Flat-backed millipedes that defend themselves with cyanide have a fearsome foe in Promecognathus beetles, which are unfazed by the potent poison. A new study shows the beetles have evolved a unique tolerance for cyanide—rather than avoidance behavior or some other countermeasure—but the underlying mechanism remains unclear.
Backed by an international development grant, entomologist Tommy McElrath visited Phnom Penh to teach a three-week course on beetle collection and curation to students at the Cambodian Entomology Initiatives.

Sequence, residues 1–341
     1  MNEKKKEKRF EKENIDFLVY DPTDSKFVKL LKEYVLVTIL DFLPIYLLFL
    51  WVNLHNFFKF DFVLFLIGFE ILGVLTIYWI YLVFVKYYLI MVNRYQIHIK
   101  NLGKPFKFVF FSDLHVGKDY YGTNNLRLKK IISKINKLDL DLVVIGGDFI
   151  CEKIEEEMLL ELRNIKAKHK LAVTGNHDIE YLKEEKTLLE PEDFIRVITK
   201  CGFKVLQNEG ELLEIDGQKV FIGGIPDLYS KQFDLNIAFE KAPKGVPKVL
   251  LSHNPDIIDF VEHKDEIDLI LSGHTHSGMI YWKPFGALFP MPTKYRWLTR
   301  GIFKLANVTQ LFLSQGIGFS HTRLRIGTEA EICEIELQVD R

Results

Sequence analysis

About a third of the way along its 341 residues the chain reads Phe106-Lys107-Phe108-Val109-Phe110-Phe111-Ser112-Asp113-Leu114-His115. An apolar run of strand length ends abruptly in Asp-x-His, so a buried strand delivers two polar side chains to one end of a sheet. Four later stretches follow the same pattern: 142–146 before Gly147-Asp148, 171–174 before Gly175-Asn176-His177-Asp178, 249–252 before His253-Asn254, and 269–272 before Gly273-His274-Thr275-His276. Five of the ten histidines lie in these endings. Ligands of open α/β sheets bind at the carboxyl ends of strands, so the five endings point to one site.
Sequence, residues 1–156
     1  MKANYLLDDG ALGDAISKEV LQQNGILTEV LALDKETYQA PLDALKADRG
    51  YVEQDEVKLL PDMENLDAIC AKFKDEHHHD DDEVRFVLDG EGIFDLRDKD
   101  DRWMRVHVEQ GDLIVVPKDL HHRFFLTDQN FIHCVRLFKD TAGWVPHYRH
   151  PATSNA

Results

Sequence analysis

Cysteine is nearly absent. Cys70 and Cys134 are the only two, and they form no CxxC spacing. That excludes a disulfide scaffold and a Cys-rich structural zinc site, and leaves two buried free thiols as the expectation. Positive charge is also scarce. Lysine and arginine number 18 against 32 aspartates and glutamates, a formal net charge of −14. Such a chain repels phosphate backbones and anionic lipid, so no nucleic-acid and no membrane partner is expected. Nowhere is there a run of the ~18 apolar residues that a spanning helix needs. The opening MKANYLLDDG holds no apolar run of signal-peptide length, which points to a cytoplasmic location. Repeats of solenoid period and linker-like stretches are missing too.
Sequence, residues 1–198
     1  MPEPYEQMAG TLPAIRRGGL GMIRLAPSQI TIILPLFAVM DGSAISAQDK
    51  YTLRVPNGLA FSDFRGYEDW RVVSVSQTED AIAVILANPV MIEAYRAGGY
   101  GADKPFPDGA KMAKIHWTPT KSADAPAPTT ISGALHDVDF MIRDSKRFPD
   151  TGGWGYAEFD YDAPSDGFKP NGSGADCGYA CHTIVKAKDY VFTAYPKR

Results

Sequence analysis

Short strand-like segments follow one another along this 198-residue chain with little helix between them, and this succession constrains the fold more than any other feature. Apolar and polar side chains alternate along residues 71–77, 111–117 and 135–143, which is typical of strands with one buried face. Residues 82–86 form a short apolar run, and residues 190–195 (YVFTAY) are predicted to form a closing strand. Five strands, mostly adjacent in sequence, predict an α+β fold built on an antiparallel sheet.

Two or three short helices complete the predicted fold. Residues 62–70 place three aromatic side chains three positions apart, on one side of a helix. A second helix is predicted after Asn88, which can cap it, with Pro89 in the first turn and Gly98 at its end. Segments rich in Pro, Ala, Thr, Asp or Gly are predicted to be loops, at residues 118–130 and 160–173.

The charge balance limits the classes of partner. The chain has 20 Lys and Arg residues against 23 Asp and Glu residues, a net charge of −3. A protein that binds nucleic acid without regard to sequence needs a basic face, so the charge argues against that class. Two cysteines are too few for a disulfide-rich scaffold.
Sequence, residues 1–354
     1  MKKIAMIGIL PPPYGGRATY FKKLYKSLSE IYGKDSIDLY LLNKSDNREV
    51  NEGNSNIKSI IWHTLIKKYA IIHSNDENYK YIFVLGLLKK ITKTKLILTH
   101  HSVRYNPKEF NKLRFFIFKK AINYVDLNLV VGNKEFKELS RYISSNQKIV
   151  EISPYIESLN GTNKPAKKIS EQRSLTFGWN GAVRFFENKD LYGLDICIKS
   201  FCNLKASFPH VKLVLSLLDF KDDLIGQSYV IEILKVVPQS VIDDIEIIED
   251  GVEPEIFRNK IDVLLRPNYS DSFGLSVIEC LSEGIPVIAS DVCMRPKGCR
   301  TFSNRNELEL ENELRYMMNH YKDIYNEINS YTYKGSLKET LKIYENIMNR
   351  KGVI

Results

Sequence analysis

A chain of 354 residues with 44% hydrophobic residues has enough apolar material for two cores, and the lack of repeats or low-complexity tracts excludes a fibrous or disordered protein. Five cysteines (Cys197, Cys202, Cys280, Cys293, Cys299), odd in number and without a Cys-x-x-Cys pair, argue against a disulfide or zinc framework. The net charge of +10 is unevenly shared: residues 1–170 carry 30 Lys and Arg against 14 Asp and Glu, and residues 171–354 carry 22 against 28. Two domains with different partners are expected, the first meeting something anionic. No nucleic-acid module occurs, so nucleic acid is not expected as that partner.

By Viviane Callier Beetle horns are tremendously varied structures, both within and between species: some beetles have them, some don’t. The ones that do have them have evolved many special […]
By Andrew Porterfield Biodiversity of insects has become an important issue in agriculture. Large-scale, intensive agricultural practices involve mechanically tilling the soil, managing pests with chemicals, and the use of […]
In 1991, 1,365 beetle species were known from New Brunswick. That number increased to 2,703 by 2013, but there were still gaps in the knowledge of the coleopteran fauna. Now […]